Understanding the place of WMDs in chemical Assad's Syrian war strategy

The US claims it has a "high degree of confidence" that Assad carried out the recent large scale chemical weapons attack but on a number of occasions over the last year, he has used these weapons as a tool of tactical combat.

Syria Chemical materials and gas masks 370 (photo credit: REUTERS)
Syria Chemical materials and gas masks 370
(photo credit: REUTERS)
As US and Western forces prepare for what looks like imminent action in Syria, the debate over the chemical strike in Damascus continues.
Why, opponents of intervention argue, would President Bashar Assad have carried out a strike of this kind when he was already making headway in his war against the rebels? And why might he have done so at a time when UN chemical weapons inspectors were in the country? But whatever the advisability of a Western strike on Syria, the notion that a regime attack using chemical weapons in eastern Ghouta is in any way implausible or outlandish is entirely incorrect.
To understand why, it is necessary to observe both the regime’s general strategy for prosecuting the war, and the previous, officially verified instances of its use of chemical weapons.
Regarding regime strategy, it is a misrepresentation to claim that Assad is “winning” the war against the rebellion.
The regime has certainly rallied since the moment, late last year, when it looked like the rebel assault on Damascus was about to commence.
But recent Assad victories in Qusair and Khaldiyeh in the west do not represent a general change in the fortunes of the war. Nowhere in the country is the regime reconquering vast swathes of rebel held territory. Rather, the Qusair and Khaldiyeh battles were about regime consolidation of the lines of control, transportation and communication around the roughly 40 percent of Syrian territory over which it rules. This process is ongoing.
The rebels, meanwhile, have been carrying out a similar consolidation process of their own in recent weeks.
The most significant development in this regard was their capture of Minnagh air base in largely rebel-held Aleppo province this month.
In this context, the notion that Assad’s army might choose the rebel held suburbs of eastern Ghouta as the next battle to be fought is entirely plausible. Largely unnoted by Western media, the rebels have been engaged in an offensive from the eastern suburbs of Damascus city, of which eastern Ghouta forms a part, since July 24.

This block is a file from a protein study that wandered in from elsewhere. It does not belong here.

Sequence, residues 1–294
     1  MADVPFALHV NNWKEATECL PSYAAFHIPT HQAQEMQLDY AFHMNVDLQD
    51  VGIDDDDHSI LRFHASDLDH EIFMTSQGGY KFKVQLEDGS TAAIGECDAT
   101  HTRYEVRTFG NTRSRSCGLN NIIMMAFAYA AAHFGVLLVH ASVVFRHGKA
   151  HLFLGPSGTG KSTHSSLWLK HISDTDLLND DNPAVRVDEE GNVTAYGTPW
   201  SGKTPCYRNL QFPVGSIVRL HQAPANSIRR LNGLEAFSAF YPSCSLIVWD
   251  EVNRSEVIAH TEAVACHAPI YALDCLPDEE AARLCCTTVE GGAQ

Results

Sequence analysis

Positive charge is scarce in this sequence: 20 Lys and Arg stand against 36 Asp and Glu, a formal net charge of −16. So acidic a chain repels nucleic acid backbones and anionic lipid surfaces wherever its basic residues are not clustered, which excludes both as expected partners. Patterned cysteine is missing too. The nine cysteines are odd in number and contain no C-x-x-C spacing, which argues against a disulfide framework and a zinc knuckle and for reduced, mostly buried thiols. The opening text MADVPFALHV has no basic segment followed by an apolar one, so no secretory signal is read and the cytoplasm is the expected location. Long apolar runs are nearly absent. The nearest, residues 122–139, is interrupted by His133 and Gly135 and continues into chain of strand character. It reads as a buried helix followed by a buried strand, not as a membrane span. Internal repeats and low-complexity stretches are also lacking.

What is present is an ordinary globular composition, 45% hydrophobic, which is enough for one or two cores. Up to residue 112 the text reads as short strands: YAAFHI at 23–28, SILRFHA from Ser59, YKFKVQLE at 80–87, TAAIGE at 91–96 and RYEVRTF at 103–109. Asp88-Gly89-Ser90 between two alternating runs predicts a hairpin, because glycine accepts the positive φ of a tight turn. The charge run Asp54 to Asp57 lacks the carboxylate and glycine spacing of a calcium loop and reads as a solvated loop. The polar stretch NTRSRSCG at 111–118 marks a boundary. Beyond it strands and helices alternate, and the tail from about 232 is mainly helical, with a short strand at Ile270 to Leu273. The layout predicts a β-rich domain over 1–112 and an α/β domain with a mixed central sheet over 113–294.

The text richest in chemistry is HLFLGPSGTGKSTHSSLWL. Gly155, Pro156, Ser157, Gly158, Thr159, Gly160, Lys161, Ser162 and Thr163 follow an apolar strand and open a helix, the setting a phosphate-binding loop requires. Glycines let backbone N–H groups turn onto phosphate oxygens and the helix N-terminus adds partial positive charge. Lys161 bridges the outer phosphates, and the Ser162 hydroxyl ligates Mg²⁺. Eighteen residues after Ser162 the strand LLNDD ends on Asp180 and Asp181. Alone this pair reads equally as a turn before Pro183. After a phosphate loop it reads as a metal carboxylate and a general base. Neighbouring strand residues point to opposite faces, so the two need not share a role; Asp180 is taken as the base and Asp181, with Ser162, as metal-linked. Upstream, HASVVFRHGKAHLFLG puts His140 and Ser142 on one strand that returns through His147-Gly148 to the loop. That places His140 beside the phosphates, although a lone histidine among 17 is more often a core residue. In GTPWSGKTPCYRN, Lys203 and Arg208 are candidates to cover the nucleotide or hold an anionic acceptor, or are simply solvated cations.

As a well-connected Syrian rebel source described to this reporter last week, the rebels were making slow headway, pushing from eastern Ghouta further into regime-controlled areas of the city. Assad’s attempts to hit back had proven insufficient. Jobar, the area of eastern Ghouta where the chemical attack took place, is referred to by both sides as the “key to Damascus” – control of which is of crucial importance.
With the Khaldiyeh battle concluded successfully, it would make perfect sense for Assad to then proceed to the next order of business – namely, a concerted attempt to drive the rebels out of eastern Ghouta and away from Damascus.
The chemical attack on eastern Ghouta appears to have formed part of the opening move of this offensive.
Given the scale of the loss of life, some form of miscalculation may have been made, as is now suggested by the latest revelations of intercepted conversations of Syrian officials following the attack.
But the scale aside, it is important to remember that on a number of verified occasions over the last year, the Syrian regime has employed chemical weaponry as a tool of tactical combat.
Sterling reporting work by two Le Monde reporters, who spent two months in the eastern Ghouta area in April and May of this year, revealed several earlier instances of attacks on the area during this period in which chemical agents were employed.
The French government tested materials brought out of the country by the reporters at the government’s Du Bouchet facility. In all, 14 samples were tested; 13 of these came from the Damascus area, and an additional sample came from a chemical attack in Saraqeb in Idleb province. Following these tests, French Foreign Minister Laurent Fabius concluded there was “no doubt” that the regime and its accomplices had “used sarin.”
Britain, too, has drawn similar conclusions. Journalists from The Times, working in the Sheikh Maksoud neighborhood of Aleppo and the Afrin hospital near the Turkish border this past April, also observed the apparent effects of chemical weapons use.
Items smuggled out of the country and tested at the British government’s Defense Science and Technology Laboratory at Porton Down similarly confirmed that sarin had been used.
All of this shows that the assault on eastern Ghouta on August 21 did not represent a departure from previously confirmed tactics employed by the Assad regime, except in the scale of the attack.
It made sense, from the point of view of its own strategy and that of the rebels, for Assad’s army to begin an assault on eastern Ghouta at that time. Previous evidence confirmed by the laboratories of two key Western countries – the UK and France – shows that the regime has used chemical weapons in the past.
So whatever the rights and wrongs of action against the Syrian regime, the attack on Jobar in eastern Ghouta conformed with the observable pattern of regime behavior over the course of this year.
That is to say: Assad has been using his chemical weapons capability to kill his own civilians for quite a while now.
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